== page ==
SS/SO/GS 316 - Introduction to the Study of Sexuality and Gender in the Context of Amsterdam
This course introduces students to the study of gender and sexuality. The Netherlands is a particularly appropriate location for such a course, since it has an international reputation as a sexually liberal country, a characterization that is especially used for the capital, Amsterdam. While the Netherlands lives up to its liberal reputation that allows students to explore sexuality and gender as multi-facetted academic venues, current political and social tensions in The Netherlands and in Europe demonstrate how those very subjects can be turned into contested areas and can have exclusionary effects.
This theme will approach the analysis of gender and sexuality through five themes: histories of sexuality and sexual and gender identities, transgender care and lived experiences, youth sexuality, sex work, and sexual nationalism. In studying these themes, the course takes an interdisciplinary approach in which students learn to critically compare perspectives on sexuality. They will furthermore understand historical and current shaping of knowledge concerning sexuality and gender. Attention will be paid to historical processes in which popular and scientific knowledge reinforced one another and created common sense knowledge on sexuality and gender. The course will raise awareness about hierarchies of knowledge in these matters and the consequences thereof, such as giving rise to homosexual and transgender identities, but also to medical and psychiatric interventions. Next to a field trip, guest lectures, and readings, class discussions and assignments that stimulate critical exchange will prepare students for further academic pursuits.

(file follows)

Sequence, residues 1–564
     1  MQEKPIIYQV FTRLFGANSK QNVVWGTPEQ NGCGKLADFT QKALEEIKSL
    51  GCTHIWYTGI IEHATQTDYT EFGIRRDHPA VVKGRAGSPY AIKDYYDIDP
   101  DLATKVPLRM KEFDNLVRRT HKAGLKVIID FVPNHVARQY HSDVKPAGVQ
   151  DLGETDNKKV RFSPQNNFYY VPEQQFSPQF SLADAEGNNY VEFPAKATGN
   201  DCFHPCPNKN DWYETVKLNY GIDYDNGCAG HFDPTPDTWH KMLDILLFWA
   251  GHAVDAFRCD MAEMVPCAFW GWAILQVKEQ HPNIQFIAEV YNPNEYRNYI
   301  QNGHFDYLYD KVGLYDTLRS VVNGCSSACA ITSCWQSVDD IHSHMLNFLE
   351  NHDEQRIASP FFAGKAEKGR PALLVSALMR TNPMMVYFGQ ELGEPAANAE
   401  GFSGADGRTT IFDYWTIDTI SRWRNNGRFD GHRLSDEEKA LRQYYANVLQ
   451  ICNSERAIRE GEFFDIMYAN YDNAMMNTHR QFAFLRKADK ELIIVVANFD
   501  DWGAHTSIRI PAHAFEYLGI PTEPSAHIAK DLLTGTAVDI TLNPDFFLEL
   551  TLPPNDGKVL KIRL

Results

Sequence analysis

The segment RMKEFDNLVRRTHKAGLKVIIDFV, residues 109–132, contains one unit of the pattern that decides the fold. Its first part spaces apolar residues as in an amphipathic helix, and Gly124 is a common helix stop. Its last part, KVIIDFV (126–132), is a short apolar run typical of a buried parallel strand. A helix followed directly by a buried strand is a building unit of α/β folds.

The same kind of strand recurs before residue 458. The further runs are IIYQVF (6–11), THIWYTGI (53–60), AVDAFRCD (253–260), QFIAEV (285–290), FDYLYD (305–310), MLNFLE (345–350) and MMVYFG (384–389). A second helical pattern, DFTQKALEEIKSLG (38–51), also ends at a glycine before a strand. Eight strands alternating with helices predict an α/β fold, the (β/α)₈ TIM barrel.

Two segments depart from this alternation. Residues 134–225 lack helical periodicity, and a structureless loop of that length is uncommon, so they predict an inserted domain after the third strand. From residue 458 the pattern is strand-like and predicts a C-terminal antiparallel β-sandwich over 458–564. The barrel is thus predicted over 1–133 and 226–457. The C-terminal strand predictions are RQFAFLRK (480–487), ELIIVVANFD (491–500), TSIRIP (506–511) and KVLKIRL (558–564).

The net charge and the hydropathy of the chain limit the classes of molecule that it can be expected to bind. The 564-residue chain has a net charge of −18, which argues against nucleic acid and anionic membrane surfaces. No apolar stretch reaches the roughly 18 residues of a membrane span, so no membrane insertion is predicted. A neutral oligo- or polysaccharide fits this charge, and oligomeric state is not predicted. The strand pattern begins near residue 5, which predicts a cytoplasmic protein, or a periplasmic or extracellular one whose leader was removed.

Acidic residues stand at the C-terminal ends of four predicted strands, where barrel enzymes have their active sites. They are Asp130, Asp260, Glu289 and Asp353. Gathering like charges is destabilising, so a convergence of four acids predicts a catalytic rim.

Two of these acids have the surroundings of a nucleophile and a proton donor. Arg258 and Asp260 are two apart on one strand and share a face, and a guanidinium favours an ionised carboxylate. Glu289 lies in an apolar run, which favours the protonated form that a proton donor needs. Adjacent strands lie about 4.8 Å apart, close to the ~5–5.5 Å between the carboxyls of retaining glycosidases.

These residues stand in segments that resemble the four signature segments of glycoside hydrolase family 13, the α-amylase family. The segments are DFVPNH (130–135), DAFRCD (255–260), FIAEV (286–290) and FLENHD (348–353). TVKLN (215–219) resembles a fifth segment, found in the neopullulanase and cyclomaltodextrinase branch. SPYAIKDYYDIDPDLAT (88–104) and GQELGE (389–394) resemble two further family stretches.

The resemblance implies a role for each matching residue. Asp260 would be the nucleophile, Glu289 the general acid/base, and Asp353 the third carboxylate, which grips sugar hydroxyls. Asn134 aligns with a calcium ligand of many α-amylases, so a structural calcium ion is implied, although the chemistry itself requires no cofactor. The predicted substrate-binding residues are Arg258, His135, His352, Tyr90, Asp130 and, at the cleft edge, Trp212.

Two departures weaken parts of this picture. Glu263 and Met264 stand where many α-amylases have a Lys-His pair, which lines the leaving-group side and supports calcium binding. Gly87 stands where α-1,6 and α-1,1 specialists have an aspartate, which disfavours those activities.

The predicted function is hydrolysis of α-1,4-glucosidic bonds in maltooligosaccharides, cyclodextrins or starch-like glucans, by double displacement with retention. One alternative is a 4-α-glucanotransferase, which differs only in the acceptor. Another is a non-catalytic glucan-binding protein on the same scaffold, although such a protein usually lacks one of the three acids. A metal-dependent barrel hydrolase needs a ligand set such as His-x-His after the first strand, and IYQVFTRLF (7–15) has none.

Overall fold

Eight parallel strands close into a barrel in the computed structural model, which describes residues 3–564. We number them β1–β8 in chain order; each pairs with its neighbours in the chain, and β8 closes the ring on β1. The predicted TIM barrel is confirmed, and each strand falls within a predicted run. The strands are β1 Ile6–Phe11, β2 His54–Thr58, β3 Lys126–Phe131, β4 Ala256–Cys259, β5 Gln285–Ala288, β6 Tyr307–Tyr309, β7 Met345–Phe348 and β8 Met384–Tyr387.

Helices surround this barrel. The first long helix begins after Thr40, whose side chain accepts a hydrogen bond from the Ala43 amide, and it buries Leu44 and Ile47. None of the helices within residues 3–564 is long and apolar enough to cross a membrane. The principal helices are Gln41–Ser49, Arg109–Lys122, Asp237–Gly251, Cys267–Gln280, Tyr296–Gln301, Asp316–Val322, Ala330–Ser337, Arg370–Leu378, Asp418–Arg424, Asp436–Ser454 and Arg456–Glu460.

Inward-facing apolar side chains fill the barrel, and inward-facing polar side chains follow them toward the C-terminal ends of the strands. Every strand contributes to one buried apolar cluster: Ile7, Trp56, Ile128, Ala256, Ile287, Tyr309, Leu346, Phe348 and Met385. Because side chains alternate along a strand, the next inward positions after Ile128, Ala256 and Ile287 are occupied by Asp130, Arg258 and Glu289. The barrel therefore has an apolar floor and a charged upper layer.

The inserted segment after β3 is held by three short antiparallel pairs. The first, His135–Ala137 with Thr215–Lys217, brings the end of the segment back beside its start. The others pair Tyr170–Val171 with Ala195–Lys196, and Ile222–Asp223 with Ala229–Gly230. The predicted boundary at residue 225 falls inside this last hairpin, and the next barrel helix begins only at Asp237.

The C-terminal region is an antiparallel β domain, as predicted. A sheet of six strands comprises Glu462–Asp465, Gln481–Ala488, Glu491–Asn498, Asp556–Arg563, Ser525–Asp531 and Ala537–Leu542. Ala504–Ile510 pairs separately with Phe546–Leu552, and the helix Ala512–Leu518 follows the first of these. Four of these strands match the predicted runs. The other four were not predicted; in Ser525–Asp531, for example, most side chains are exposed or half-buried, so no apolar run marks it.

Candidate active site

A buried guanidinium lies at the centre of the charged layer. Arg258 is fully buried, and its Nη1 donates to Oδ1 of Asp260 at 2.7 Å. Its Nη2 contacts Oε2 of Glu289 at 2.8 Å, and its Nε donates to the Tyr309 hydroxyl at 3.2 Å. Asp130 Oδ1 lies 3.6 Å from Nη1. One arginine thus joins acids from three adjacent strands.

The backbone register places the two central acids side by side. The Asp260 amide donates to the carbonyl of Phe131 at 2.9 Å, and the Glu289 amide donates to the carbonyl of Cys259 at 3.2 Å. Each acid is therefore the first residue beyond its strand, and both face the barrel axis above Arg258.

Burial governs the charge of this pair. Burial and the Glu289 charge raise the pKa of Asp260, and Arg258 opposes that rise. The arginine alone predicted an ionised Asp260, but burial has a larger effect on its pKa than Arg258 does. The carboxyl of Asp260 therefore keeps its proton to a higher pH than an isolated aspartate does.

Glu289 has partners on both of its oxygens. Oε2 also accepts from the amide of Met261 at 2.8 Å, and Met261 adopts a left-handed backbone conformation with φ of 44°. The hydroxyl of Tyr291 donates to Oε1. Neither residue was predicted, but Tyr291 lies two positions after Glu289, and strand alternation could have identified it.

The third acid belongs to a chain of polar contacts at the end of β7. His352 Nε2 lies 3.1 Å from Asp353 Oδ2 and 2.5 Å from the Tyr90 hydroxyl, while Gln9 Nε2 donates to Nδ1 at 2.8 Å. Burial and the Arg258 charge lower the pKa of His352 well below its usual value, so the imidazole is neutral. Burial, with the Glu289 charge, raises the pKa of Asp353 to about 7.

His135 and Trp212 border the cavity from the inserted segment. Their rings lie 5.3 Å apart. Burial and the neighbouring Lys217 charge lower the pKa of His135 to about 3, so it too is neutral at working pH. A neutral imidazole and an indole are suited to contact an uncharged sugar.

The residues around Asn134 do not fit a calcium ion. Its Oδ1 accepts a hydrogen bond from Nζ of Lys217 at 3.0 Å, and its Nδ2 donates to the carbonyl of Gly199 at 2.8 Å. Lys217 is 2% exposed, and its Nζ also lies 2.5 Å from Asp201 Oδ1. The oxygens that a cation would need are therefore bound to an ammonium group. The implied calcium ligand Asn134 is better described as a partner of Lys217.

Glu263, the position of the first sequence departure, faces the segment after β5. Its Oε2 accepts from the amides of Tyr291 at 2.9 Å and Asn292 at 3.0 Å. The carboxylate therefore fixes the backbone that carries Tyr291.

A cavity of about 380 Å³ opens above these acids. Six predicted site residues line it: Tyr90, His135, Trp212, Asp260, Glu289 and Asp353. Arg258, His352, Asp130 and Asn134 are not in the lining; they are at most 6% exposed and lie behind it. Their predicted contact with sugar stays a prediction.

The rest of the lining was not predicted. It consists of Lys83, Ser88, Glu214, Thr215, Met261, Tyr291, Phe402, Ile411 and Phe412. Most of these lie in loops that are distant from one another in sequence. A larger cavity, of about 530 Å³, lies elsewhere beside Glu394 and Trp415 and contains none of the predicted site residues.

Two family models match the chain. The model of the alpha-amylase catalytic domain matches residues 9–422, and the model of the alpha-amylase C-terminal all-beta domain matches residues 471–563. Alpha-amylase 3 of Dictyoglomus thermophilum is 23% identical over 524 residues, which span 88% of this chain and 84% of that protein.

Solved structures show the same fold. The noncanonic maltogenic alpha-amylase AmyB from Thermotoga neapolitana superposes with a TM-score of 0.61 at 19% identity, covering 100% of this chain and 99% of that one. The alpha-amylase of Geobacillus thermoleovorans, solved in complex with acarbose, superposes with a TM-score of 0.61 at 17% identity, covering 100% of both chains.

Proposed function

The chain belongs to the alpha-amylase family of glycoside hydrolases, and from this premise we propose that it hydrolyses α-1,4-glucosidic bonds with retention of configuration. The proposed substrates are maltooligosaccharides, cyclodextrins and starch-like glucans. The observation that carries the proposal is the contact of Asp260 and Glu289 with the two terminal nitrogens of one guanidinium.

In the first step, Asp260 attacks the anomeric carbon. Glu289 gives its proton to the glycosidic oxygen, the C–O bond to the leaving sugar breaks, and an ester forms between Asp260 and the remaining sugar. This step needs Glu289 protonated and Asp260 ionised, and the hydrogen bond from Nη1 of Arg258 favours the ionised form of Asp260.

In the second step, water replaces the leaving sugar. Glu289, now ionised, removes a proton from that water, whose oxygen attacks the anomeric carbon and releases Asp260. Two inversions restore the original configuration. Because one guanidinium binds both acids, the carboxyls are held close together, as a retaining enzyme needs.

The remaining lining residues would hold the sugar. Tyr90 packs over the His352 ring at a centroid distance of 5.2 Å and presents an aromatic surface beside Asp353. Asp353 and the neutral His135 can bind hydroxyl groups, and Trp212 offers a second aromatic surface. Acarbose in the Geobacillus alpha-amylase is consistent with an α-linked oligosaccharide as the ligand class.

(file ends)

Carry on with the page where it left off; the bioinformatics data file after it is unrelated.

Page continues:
The study of sexuality and gender offers a fascinating cross-section of Amsterdam/Dutch culture and this program gives the participants ample opportunity to explore some specific aspects of that culture. Yet, while sensitizing them to the topics as well as to local peculiarities and differences with other locations, the course is especially meant for students to learn more generally to question common sense knowledge concerning sexuality and gender.